Motherhood and marriage are both hard. Sometimes we do everything right and are still considered failures: marriages end, spouses cheat, kids do drugs. Sometimes we do everything wrong and get lucky: 50th anniversaries, peaceful family reunions.
I don't think everyone should get married or have children. By the time I met my husband, I had decided that I was totally fine with staying single my whole life. Six months into our marriage, while I knew I had made the right choice in marrying, I also knew that I would never get married again. I can't imagine ever finding anyone else I would be willing to enter into marriage with, and I am very happily married.
Motherhood is even harder. At least in marriage you are loving partners on the same team. In motherhood, you are required to give 100% to a being who might or might not love you and certainly has no interest in being on your team. In fact, getting OFF your team is a primary development task for toddlers and teenagers.
I don't mean to discourage anyone. I do think we need to give much more thought to decisions about marriage and motherhood. My husband and I felt no pull to have children for years, so we didn't. We believed that it would be wrong to bring a child into our family unless we WANTED her. And then, six years into our marriage, we realized that we did want a child. We wanted to expand the amount of love in our family. We had a child because it was an expression of our love for each other, and it would be another person in our family who could receive love from us.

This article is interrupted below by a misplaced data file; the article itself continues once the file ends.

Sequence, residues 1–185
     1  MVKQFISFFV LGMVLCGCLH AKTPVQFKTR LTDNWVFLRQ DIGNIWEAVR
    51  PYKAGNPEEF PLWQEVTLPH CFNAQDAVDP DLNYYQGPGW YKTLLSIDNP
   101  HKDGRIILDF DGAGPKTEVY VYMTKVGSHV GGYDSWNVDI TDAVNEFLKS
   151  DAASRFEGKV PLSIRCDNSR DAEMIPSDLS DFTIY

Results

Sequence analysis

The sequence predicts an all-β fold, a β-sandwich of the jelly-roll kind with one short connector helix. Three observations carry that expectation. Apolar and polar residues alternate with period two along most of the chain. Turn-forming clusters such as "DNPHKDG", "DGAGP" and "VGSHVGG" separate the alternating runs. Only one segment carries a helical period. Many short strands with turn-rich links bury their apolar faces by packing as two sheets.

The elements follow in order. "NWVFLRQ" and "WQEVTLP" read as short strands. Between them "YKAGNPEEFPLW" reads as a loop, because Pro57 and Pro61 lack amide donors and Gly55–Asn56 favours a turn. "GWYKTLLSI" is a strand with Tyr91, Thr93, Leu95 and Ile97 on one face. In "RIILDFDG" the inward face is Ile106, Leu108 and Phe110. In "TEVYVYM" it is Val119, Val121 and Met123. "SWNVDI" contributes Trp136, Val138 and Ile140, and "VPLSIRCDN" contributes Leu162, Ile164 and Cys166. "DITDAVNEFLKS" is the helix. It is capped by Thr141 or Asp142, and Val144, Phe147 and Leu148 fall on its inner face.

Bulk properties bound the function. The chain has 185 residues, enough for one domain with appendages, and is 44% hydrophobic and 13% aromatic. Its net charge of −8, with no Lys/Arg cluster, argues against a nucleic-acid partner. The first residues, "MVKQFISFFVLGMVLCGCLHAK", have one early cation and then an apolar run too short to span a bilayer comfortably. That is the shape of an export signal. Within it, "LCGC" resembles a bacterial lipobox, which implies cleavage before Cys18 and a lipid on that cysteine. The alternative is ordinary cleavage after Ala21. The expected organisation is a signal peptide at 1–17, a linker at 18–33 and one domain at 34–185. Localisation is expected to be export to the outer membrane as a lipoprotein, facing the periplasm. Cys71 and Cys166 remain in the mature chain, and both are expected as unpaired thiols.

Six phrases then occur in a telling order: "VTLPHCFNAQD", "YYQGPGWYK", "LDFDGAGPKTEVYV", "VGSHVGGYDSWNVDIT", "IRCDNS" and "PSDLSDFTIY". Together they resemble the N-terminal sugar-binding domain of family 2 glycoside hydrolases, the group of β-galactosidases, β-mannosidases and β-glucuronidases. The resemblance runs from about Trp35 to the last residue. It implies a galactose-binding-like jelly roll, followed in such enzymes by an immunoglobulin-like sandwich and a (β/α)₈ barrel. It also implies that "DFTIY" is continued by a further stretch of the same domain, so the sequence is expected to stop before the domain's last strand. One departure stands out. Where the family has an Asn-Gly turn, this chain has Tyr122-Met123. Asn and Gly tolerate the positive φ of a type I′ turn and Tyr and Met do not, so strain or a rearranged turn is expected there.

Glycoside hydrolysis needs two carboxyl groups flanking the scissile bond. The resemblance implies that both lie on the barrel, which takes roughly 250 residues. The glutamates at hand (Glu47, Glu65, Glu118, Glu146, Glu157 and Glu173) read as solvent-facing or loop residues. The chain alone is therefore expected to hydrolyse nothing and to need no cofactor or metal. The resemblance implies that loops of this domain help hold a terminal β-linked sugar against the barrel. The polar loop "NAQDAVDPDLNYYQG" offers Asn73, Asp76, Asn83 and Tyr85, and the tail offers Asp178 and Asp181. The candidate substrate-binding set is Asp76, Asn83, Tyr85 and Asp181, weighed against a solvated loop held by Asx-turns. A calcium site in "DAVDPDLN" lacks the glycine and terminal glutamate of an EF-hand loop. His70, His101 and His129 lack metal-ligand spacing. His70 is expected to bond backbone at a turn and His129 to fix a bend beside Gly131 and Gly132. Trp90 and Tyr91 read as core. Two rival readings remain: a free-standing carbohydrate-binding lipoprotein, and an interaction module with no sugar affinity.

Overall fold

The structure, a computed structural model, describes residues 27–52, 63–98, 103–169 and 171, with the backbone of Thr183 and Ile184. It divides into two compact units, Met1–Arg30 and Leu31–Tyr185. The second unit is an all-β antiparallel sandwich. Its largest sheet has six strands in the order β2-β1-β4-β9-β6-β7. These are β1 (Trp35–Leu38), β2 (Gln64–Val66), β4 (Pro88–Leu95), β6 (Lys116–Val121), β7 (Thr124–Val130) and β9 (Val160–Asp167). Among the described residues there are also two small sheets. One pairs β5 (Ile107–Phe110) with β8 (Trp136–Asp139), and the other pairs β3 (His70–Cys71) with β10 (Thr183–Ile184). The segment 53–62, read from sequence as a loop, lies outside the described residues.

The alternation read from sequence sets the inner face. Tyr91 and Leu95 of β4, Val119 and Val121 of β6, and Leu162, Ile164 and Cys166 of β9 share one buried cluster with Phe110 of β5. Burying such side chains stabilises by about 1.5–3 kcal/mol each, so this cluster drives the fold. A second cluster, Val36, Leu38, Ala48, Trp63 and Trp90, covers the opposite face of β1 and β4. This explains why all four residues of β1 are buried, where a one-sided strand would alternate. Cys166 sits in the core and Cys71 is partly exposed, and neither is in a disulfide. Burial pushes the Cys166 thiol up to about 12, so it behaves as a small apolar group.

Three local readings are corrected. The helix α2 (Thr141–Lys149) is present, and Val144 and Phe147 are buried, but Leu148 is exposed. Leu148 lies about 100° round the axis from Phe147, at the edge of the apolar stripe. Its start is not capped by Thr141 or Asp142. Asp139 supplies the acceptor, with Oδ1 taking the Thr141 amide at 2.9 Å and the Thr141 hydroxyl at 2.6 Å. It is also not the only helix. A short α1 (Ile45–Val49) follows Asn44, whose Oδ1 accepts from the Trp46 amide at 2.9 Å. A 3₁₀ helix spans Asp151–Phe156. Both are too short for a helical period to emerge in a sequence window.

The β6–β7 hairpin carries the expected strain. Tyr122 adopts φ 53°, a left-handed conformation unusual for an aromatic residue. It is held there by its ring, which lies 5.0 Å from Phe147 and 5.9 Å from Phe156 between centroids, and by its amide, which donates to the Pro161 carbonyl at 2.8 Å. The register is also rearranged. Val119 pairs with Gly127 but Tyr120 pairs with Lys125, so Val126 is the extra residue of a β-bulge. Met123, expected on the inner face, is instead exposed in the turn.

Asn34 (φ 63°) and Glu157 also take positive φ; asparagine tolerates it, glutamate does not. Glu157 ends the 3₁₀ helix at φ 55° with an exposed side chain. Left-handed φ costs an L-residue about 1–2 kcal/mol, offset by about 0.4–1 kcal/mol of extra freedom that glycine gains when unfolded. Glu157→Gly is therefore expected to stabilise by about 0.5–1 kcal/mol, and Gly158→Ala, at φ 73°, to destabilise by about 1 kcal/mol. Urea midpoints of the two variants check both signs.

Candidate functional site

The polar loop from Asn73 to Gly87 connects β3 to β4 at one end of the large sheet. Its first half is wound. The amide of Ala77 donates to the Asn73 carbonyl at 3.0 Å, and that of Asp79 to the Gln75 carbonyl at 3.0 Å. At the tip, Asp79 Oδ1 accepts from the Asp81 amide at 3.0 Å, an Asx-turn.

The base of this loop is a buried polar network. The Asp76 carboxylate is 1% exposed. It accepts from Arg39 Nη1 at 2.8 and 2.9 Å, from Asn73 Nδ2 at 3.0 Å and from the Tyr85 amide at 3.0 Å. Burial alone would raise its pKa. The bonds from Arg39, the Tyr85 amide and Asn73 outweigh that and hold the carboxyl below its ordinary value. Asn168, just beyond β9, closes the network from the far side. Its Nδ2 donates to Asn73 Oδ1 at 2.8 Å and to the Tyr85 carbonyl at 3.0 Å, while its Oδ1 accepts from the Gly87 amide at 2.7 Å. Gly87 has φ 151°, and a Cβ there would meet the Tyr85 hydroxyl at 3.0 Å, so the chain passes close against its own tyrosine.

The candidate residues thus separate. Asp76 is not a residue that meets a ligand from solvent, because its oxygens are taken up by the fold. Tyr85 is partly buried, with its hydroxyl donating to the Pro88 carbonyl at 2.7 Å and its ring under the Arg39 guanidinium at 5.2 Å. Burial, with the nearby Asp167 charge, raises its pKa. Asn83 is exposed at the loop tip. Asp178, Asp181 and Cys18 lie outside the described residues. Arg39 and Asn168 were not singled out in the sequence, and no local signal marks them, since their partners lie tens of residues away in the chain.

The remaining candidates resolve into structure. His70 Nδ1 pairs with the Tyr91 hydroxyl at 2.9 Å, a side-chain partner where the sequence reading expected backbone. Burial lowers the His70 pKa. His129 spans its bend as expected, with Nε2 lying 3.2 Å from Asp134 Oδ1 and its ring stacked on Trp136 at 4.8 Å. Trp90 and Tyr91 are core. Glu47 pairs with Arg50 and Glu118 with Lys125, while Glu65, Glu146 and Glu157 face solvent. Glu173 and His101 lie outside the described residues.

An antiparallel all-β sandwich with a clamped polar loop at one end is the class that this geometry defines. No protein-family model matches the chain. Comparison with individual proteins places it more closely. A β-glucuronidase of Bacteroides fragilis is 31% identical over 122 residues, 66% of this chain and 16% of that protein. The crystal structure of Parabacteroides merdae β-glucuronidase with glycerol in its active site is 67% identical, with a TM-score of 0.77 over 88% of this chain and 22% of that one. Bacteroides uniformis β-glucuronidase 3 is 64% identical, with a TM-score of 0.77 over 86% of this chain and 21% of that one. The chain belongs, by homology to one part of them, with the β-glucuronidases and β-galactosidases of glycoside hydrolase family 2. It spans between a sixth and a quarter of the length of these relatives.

But there is one thing I have learned. There is only one path to success in life, especially in the difficult path of marriage and motherhood. That path is kenosis, a concept wonderfully explained by Cynthia Bourgeault in the Wisdom Jesus. Kenosis, to borrow her language, is the reckless and extravagant giving away of oneself. It is losing our own life (as Jesus taught us to do) by throwing it away with both hands, joyfully.
Some days I can do this with joy and laughter. Some days I do it with gritted teeth. Some days I cannot do it at all, and then my job is to reach out for help and accept God's grace and forgiveness.
But one thing is constant. The more I am centered in God, via meditation, prayer, and community, the more joy I find in the giving away of self. The more love and grace God pours into me, the more delight I have in pouring it back out onto my husband, child, and loved ones. Losing your life isn't about martyrdom or self-denial: it is about joyful giving out of God's abundance rather than your own.